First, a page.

Psychology and Law Enforcement

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PSYCHOLOGY AND LAW ENFORCEMENT 1

Abstract

The investigative process is of utmost importance in the prevailingof justice as it ensures the right person is charged according to thecrimes that he or she committed. As a result, the investigativeprocess needs to be fair to ensure justice prevails. Without theinvestigative process, there exists no way of actually provingwhether a person committed a crime or not. The simplest way ofarriving at an investigation is through solving the questions of who,what, how and when. Once the questions get answered, then theinvestigation has at least moved along if not completed. Thisresearch paper is aimed at investigating the provisions of theConstitution for confessions and other kinds of evidence presented toany court. This paper is important as it offers the readerinformation on the criminal justice system and how it works.

Smalarz, L., Scherr, K. C., &amp Kassin, S. M. (2016). Miranda at50: A Psychological Analysis. Current Directions in PsychologicalScience, 25(6), 455-460.

The American justice system assumes everyone is innocent untilproven guilty and as a result protects the rights of suspects of anongoing investigation. Miranda means that the police department orany other investigative body is supposed to make the suspect aware ofhis or her right to remain silent and that they do not have to speakwithout the presence of a lawyer. This action is meant to ensure thatanything a suspect says or does is with an understanding of the lawand his or her rights under the law. Forced confessions are also notallowed in a court of law in the United States of America. If asuspect is questioned and confesses to a crime but was not read tohis or her rights before hand, the confession is not permissible incourt. Even after reading one their rights, police officers can useforce and other unlawful ways of making a suspect confess to a crime.This action is illegal, and if the court hears about it, theconfession will be disregarded as it was unlawful. In thecontemporary world police officers rarely use force, but unlawfulconfessions still occur. An example is if a suspect is questionedwhile he or she is in the emergency department of a hospital andconfesses to a crime. The constitution is aimed at protecting thesuspect’s rights and ensures free will and justice.

Granhag, P. A., Vrij, A., &amp Verschuere, B. (2015). Detectingdeception: current challenges and cognitive approaches. John Wiley &ampSons.

Deception detection systems are practices that are aimed at spottingthe lies a suspect may tell during an interrogation. Research hasproven that the ability for any person to tell if a person is lyingor not is more than mere luck, a person has a higher probability than50% of telling if a person is lying. Detection of deception is basedon the theory that a person displays signs of lying such asnervousness and other stress based clues. These signs are displayedsince the suspect is fearful of being caught in a lie or that he orshe will be exposed by the interrogation team. There is no single wayof detecting if a person is honest or not, however, new research isbeing conducted on the psychology of lying and new detection systems.In the contemporary world, lie detection involves also observingvisual signs of lying such avoiding eye contact and being restless.Scientist and psychologists, however, have a long way to go beforeintroducing an airtight system of detecting deception for courtprocedures.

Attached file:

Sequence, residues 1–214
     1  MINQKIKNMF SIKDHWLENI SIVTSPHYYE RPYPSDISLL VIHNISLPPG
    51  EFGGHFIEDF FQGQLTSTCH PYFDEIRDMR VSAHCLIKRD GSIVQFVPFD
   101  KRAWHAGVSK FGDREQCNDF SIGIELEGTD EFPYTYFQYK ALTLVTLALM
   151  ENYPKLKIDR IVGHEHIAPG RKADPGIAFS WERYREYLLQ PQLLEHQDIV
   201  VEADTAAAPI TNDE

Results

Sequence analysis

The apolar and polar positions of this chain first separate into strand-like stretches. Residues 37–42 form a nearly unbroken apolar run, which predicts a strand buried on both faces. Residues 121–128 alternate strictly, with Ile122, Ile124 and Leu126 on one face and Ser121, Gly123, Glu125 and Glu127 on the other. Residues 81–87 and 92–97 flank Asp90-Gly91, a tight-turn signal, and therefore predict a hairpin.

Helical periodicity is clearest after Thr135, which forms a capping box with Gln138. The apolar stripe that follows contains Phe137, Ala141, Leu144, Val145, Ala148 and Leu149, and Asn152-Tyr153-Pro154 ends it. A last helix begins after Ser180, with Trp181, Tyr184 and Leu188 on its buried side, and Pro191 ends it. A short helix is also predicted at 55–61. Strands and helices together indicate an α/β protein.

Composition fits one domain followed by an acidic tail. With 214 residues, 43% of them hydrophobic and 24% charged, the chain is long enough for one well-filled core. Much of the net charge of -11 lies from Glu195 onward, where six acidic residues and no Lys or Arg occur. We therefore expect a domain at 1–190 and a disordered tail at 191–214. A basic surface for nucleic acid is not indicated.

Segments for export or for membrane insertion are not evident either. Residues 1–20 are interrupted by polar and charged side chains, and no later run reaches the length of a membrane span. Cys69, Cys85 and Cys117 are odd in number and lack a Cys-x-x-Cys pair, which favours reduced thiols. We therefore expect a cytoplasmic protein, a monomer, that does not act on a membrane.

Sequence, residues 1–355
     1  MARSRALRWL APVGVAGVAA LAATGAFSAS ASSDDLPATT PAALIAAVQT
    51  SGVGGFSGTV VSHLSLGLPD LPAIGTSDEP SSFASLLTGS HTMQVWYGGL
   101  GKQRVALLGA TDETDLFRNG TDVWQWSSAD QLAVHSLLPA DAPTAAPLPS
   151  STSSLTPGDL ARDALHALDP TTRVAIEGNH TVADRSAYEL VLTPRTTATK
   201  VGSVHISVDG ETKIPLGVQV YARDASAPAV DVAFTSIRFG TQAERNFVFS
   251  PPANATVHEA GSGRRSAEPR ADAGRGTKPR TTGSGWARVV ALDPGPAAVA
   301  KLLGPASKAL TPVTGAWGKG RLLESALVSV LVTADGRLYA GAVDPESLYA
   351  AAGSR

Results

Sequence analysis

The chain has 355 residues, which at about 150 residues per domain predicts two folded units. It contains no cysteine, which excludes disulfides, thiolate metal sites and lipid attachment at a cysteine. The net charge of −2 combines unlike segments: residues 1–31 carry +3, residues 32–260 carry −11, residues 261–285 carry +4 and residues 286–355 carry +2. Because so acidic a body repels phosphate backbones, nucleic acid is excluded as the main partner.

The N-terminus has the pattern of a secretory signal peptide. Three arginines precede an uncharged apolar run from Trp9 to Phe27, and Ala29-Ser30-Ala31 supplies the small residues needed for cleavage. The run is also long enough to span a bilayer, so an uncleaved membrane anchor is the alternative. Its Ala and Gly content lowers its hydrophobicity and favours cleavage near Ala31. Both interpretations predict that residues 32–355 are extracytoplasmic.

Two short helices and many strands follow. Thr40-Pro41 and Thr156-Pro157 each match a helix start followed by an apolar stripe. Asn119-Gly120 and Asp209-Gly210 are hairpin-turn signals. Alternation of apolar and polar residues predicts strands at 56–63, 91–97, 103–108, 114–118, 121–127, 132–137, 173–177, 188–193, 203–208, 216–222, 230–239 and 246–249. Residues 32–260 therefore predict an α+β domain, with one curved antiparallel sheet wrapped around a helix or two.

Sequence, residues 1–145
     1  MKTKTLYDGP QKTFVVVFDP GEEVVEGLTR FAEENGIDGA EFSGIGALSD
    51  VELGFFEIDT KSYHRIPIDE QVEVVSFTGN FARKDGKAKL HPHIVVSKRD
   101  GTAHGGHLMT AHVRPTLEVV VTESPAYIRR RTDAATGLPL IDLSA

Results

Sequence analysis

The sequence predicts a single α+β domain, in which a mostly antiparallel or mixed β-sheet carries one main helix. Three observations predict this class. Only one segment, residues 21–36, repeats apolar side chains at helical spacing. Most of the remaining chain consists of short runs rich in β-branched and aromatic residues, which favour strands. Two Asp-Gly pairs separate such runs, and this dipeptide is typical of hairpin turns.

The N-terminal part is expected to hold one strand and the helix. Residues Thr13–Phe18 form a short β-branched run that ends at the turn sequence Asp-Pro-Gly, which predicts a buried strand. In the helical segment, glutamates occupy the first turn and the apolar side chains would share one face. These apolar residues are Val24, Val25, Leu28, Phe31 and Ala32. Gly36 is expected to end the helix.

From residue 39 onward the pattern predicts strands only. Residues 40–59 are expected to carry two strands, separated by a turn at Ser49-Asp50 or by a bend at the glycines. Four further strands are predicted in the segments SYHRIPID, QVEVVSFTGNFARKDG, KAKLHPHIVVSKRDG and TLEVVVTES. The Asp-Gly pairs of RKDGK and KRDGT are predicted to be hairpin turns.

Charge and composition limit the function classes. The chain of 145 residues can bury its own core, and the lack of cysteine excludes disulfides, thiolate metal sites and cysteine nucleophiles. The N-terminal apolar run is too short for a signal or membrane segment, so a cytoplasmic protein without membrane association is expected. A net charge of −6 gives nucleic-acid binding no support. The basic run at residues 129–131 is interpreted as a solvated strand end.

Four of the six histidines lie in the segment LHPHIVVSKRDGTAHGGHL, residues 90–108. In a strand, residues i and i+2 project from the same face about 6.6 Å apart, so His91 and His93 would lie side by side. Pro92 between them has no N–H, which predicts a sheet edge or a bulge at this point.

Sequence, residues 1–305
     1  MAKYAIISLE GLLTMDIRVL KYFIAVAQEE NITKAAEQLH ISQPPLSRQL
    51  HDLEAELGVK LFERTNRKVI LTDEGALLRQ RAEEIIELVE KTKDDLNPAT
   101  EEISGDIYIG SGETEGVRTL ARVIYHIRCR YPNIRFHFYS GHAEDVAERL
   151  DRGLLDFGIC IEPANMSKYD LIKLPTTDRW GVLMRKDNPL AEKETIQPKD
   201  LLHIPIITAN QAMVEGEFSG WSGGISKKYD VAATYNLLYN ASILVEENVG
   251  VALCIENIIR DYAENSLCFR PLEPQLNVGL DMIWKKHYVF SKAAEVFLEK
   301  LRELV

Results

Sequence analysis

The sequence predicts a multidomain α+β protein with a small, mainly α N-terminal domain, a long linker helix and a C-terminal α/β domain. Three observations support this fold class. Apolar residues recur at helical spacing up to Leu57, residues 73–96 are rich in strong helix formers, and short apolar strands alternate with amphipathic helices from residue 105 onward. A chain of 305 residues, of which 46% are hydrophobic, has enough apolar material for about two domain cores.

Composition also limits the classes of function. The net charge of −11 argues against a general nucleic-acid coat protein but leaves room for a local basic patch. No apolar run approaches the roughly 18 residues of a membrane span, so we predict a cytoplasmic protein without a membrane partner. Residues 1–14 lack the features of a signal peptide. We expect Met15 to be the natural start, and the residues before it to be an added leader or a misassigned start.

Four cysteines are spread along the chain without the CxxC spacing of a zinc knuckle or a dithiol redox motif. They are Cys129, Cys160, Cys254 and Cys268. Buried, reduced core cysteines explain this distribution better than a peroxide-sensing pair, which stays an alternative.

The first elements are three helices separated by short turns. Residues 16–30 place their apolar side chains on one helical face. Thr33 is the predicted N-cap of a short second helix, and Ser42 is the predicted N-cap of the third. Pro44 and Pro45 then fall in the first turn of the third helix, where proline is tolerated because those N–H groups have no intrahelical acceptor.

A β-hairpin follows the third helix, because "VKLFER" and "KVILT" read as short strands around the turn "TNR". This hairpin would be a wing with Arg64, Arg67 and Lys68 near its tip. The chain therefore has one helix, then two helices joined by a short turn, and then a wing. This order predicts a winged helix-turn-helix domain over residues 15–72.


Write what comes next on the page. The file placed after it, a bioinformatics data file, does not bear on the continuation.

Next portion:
Jackson, A. L. (2014). State v. Pierce: Refining the Standard forthe Admission of Polygraph Evidence. Tennessee Journal of Law &ampPolicy, 2(2), 6.

Polygraph tests are tests that are aimed at detecting whether anindividual is lying or telling the truth concerning a particularsubject. The polygraph tests work by testing for the psychologicalindicators that one is lying such as increased heart rate andperspiration. The law is not clear on the admissibility polygraphtests and the judge preceding over a particular case has the freedomto decide whether he or she will allow the tests to be used in thecourt and the parameters of its usage. The problem that exists withpolygraph tests is that the results can be tampered with and thesuspect can fool the detection system if he or she knows how itworks. A suspect can fool the tests by just being nervous about thetest. The same psychological indicators that show a person is lyingare the same ones that indicate nervousness. If a person is nervous,the polygraph cannot tell the difference between the person beingnervous and the person lying making the test worthless. A person canalso practice a particular lie so his or her body gets used to sayingthe lye and the polygraph system would not be able to pick up on thelie.

Conclusion

This paper concludes that the United States of America Constitutionhas protected the rights of all suspects who appear before a court oflaw. It is upon the prosecution to prove the guilt of any suspect.Deception systems are a vital part in the provision of justice, andmore research needs to be conducted in developing more accuratesystems.

References

Granhag, P. A., Vrij, A., &amp Verschuere, B.(2015). Detecting deception: currentchallenges and cognitive approaches.John Wiley &amp Sons.

Jackson, A. L. (2014). State v. Pierce: Refiningthe Standard for the Admission of Polygraph Evidence. TennesseeJournal of Law &amp Policy, 2(2),6.

Smalarz, L., Scherr, K. C., &amp Kassin, S. M.(2016). Miranda at 50: A Psychological Analysis. CurrentDirections in Psychological Science,25(6),455-460.